Enquiry is the process of finding out answers to questions. It is a way of investigating the world. It involves encouraging children to ask questions and search for answers. As their skills develop, children can move to a more rigorous form of enquiry involving the development and testing of hypotheses. In geography lessons, children discover the processes that lead to the outcomes that we can see. Some processes are physical ones that have happened naturally (like the way a river meanders); others are human processes (like the way a settlement develops as more buildings are erected. Meaningful learning occurs when investigations are directed by challenging questions
Effective geographical enquiry depends upon the quality of the questions posed
- What is this place like?
- Why is this place as it is?
- How is this place connected to other places?
- How is this place changing?
- What would it feel like to live in this place?
The framework we use for a geographical enquiry has six stages:
- Awareness raising
- Generating questions
- Collecting and recording information (pupils apply the mathematical skills they have learnt here)
- Processing the gathered information
- Drawing conclusions from the processed data
- Sharing the conclusions
- Evaluating what has been learnt
Here are the principal geographical enquiries that different year groups will be considering:
|Year 1||What happens to the rain on the ground after it has fallen?|
|Year 2||What type of place is Barnes?|
|Year 3||Why did brick walls keep a King happy? (Richmond Park enquiry)|
|Year 4||How do rivers change from source to mouth? (Case study: River Thames)|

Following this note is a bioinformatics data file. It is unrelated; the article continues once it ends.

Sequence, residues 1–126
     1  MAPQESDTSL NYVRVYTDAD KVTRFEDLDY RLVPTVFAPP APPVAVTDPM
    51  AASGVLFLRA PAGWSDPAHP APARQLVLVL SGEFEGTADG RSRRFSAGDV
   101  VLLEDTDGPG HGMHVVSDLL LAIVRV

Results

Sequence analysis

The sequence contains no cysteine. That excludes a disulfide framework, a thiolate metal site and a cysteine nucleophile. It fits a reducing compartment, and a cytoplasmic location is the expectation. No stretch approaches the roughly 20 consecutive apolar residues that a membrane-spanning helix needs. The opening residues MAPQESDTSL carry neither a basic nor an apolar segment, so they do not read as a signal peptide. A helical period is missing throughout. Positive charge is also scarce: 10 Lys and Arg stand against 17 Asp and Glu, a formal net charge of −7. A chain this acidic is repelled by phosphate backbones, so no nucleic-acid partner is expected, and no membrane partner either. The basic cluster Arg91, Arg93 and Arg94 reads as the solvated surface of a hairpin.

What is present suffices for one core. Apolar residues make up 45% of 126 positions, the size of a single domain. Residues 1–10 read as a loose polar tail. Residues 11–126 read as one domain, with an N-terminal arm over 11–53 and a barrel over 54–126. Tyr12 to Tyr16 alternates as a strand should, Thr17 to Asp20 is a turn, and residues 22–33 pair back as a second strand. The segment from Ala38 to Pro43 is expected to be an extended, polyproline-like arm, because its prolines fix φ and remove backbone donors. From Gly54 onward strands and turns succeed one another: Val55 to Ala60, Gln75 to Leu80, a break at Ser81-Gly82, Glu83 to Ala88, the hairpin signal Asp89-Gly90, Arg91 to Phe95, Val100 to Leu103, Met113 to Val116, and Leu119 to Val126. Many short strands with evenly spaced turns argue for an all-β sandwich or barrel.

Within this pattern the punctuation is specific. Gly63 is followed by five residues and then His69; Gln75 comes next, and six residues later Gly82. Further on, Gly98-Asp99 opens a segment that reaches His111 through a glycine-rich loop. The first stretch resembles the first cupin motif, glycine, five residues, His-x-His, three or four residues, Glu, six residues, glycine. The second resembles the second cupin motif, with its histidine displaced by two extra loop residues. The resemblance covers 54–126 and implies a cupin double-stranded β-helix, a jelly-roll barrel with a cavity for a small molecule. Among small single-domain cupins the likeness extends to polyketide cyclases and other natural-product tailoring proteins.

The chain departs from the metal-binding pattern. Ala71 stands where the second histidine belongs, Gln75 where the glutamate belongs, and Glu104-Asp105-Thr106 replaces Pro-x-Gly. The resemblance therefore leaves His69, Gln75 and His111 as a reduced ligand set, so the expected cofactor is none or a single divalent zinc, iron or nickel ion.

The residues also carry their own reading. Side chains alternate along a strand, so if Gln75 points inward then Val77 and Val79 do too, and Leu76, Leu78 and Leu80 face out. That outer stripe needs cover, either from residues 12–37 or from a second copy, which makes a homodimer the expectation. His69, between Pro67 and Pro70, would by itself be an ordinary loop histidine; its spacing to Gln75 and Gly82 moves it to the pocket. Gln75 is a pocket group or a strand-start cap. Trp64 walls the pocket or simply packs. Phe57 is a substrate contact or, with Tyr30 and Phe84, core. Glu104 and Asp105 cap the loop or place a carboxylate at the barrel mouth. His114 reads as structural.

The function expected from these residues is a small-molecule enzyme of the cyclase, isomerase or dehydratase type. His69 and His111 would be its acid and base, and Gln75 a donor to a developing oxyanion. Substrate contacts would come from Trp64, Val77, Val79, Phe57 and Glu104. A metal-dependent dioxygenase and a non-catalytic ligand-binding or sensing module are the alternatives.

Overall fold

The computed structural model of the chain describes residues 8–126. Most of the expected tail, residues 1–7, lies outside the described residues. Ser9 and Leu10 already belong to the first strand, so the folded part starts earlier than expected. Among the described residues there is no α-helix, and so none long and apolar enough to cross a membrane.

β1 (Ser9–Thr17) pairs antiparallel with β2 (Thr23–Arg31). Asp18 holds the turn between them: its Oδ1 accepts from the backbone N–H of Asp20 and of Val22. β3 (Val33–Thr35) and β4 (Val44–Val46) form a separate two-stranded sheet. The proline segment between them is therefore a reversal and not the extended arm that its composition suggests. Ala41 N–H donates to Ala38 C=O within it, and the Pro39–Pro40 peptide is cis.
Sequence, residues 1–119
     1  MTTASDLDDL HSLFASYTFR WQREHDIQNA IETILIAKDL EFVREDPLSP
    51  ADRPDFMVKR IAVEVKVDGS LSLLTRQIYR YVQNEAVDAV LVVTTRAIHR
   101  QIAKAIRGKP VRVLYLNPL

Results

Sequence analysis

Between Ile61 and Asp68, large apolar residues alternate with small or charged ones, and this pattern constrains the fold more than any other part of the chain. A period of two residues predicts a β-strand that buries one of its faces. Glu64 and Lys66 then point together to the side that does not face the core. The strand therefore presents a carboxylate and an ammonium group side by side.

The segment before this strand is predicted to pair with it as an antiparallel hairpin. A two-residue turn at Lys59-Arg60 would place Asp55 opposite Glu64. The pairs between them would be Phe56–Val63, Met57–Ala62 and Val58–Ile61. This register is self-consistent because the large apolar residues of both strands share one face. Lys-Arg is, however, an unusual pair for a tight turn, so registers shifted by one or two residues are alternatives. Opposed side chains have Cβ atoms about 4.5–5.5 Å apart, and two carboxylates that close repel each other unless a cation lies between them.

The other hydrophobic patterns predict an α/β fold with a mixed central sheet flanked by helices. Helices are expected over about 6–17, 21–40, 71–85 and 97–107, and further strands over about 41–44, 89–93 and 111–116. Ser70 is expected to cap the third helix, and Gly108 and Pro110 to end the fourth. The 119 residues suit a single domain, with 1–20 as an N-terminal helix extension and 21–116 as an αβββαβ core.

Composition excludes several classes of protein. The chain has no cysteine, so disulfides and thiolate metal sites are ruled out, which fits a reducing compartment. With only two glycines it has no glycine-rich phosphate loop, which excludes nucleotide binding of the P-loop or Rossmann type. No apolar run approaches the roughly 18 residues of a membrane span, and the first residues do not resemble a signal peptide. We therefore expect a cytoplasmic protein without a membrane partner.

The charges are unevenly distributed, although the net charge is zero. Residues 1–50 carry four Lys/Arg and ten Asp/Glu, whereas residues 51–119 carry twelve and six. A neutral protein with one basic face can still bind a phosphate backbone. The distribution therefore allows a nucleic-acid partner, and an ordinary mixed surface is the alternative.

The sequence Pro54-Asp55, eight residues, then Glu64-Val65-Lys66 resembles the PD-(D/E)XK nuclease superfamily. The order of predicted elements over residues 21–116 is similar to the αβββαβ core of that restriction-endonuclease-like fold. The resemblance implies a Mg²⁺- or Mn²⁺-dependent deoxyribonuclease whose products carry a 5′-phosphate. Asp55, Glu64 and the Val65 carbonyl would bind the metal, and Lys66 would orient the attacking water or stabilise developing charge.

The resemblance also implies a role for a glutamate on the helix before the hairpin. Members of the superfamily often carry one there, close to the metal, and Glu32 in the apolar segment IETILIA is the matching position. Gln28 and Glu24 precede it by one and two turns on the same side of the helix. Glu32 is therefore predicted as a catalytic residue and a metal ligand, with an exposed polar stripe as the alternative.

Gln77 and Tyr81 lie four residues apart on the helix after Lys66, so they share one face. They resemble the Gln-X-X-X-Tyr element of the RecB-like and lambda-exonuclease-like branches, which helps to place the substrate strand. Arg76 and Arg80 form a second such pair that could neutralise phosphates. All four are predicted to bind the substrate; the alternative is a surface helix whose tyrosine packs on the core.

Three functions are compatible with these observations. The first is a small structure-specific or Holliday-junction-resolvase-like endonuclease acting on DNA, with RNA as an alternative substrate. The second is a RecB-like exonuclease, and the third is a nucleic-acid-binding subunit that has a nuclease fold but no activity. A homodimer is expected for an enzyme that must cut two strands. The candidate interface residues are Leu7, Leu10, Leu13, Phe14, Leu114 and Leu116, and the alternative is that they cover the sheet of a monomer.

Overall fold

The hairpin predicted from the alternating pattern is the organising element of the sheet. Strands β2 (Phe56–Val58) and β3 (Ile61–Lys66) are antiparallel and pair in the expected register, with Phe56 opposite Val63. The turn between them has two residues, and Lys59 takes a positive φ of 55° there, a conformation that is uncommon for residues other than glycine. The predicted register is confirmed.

|Year 5||Is our locality affected by noise pollution? TBC|
|Year 6||Is San Francisco a safe place to live?|
From the start of the 2016-17 academic year we instigated a focus geography day for Key Stage 2 pupils: The Country We Live In. The following topics have been studied for the last two years:
Year 3 – Coastal areas of the UK: how coastal caves, arches and stacks are formed through coastal erosion. Pupils look at some of the prominent features of the Jurassic coast. They learn about
- coastal erosion (how an arch, stack or stump are formed)
- a case study: Durdle Door in Dorset
- the wider context: where else do these coastal processes take place in the UK?
- compass directions.
Year 4 – Rivers of the United Kingdom: how rivers work – originating on higher ground and flowing to the sea. Key geographical features are analysed: meandering; drainage basins; ox bow lakes; erosion, transportation and deposition.
Classes look at a mystery river in the UK. They find out how the river changes the shape of the landscape, and how meanders are formed. There is plenty of hands-on river making in class!
Year 5 – Land use in the UK: the rise of cities – urbanisation and the growth of cities with the coming of the railways in the nineteenth century
Year 5 look at how land in the UK is used and how this has changed over time. In particular they look at how our local area developed with the arrival of the railway. Children learn about how our country has changed over time from an agricultural one to an industrial one.
Year 6 – Hills and mountains of the UK: how were valleys formed? How powerful a force is a glacier and the role of glacial erosion in the formation of landscapes.
Year 6 study the geographical process of glaciation. They learn about the features caused by glacial erosion and look at the landscapes in the UK that have been shaped by this process. Children make their own glaciers and trying to understand why they have had such an impact on the country we live in.
How does a glacier affect the landscape? Year 6 pupils made ‘mini glaciers’ and rubbed them on surfaces, noting what happened.